A Real-world Implementation of Centralized RAS System

by J. Wen, P. Arons, E. Lee, Southern California Edison , USA

Stage 1 - Conceptualization and Technology Validation

SCE began to build a pilot feasibility testing system in 2007 to validate the concept and available technologies for a centralized RAS system. With the notion of centralized logic came a series of questions about the concept that were asked and answered systematically and conclusively, so that the key functional attributes became an integral part of the development of the system.

The first question arose regarding the need for speed of the RAS operation. RASs are expected to provide rapid automatic mitigation to relieve the system from dynamic stability, post-transient voltage violations or thermal overloads, which range from the transient timeframe of milliseconds to steady-state timeframe of seconds and minutes. After a careful review of SCE’s current standalone RAS practice and an examination of the system reliability and economic needs, 50 milliseconds (ms) was chosen as the target throughput time for the monitoring relay to detect a line open, the controller to process the data, logic, and the mitigation relay to close the contact. The breakdown estimation of 50 ms is as follows:

 

 

 

 

 

Following the establishment of the speed performance requirement, the next question was whether it was feasible to achieve the speed performance across a large geographical area. The test results of the communication, together with the test results of the relay and controller, proved that the 50 ms throughput time could be achieved. The 19 ms for each one-way communication leaves sufficient margins for possible delays.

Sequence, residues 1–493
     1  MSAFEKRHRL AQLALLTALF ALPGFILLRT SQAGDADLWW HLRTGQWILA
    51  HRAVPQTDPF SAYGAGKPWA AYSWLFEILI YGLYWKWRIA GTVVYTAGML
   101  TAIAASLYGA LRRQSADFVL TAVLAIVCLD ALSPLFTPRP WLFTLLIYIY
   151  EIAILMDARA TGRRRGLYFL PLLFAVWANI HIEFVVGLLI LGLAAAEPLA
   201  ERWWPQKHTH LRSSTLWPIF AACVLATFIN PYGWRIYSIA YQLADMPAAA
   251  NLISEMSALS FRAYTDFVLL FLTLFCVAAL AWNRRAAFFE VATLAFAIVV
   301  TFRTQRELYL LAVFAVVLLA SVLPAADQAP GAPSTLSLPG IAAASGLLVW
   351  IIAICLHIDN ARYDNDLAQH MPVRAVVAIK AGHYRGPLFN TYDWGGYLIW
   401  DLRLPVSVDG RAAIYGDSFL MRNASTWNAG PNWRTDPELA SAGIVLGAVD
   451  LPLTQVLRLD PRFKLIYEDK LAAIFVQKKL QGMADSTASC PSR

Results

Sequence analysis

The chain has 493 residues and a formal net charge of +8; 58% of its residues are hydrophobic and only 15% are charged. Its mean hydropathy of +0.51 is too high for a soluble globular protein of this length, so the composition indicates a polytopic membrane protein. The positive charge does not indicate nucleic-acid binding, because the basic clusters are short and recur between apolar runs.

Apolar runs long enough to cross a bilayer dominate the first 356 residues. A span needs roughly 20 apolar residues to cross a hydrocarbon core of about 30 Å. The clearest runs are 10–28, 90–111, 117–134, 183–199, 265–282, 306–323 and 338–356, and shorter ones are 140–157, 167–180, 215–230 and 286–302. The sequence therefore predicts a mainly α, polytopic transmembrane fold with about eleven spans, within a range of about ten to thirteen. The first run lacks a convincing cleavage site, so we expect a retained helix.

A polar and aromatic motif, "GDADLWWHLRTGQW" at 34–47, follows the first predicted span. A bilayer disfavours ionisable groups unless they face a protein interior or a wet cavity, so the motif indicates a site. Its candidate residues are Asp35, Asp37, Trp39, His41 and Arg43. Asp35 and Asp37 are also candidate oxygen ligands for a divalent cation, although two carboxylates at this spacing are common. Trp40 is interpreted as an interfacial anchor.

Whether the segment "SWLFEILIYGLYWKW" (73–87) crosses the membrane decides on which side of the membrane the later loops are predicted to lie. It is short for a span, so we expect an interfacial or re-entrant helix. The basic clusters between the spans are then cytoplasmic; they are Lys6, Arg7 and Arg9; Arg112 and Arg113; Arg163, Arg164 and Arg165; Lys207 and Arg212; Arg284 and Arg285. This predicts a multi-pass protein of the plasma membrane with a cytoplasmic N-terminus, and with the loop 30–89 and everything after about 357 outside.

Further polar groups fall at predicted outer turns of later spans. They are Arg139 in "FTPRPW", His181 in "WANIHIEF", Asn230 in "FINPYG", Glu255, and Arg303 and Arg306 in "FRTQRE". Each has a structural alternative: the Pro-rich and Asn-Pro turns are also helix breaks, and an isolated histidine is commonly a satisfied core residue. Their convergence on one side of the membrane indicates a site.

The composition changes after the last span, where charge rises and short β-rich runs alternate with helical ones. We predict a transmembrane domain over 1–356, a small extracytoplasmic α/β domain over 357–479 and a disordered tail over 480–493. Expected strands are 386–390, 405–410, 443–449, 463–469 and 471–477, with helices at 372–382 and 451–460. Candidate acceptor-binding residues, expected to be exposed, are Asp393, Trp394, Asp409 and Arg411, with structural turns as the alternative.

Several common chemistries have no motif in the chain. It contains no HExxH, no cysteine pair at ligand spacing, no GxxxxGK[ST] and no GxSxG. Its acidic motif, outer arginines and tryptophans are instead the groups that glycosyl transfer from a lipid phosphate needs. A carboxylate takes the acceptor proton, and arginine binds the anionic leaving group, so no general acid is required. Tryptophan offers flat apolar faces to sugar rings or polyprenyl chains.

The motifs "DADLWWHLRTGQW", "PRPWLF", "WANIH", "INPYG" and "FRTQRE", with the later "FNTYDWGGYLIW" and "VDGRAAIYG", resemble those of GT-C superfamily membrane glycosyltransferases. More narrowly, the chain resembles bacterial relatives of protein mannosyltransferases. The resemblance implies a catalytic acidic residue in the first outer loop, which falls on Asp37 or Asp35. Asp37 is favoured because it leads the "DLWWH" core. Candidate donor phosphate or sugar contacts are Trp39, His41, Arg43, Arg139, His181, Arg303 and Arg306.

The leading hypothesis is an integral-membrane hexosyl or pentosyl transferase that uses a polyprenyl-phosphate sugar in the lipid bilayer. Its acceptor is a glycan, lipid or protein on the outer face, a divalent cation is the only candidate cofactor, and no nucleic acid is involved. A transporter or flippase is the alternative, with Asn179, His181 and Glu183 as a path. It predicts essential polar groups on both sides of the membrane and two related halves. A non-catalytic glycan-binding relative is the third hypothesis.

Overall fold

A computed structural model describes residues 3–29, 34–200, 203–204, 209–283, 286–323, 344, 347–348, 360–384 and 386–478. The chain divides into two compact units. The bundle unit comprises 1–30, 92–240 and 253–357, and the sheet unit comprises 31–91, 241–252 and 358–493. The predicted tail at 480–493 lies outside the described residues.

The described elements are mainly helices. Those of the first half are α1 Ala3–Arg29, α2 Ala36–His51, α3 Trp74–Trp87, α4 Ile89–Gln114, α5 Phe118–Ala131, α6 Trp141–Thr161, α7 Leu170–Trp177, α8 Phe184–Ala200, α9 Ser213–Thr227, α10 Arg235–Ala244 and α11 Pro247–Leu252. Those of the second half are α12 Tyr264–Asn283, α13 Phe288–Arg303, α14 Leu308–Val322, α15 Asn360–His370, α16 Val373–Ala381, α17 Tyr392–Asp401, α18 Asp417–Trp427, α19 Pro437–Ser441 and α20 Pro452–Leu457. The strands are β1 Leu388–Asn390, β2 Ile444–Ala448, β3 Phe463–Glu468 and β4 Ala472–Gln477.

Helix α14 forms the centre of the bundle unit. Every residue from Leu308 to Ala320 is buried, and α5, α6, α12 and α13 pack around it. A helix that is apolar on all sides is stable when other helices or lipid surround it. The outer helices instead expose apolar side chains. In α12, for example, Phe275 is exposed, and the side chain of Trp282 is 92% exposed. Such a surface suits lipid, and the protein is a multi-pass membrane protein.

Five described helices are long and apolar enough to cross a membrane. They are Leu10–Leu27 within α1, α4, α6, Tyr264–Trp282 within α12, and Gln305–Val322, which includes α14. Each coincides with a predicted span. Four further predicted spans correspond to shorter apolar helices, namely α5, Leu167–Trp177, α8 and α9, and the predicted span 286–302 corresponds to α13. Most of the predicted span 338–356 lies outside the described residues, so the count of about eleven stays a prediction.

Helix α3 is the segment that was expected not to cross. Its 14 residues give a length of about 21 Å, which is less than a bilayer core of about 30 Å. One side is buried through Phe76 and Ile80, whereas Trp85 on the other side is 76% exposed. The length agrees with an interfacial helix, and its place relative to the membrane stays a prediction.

• Communication Solution: SCE has more than 7,000 miles of high-speed communication circuits connecting all major bulk power system substations and generating plants in its grid network. The strong communication backbone and extensive network coverage has made possible a wide area application. The IEC 61850-8-1 Generic Object Oriented Substation Events (GOOSE) messaging was chosen as the transport mechanism after the evaluation of various communication protocols. It allows reliable publication and recognition of protection information in milliseconds on a LAN, and the message publishers and subscribers to be configured according to the IEC 61850 XML-based Substation Configuration Language (SCL) through a standard tool-based process as described in IEC 61850-6. Applying IEC 61850 over large scale wide area monitoring and protection network, covering the entire service territory of SCE, is the first attempt in the industry.

Another major new desirable feature is the GOOSE ability to directly send analog data values so that these data values can be easily translated into engineering units as needed. The pilot tests showed a result of 20-22.5 ms of transporting GOOSE over 660 miles (far enough to cover the most remote location) including multiple hops from fiber to microwave and back and therefore, proved that the centralized concept and desired speed performance targets were feasible.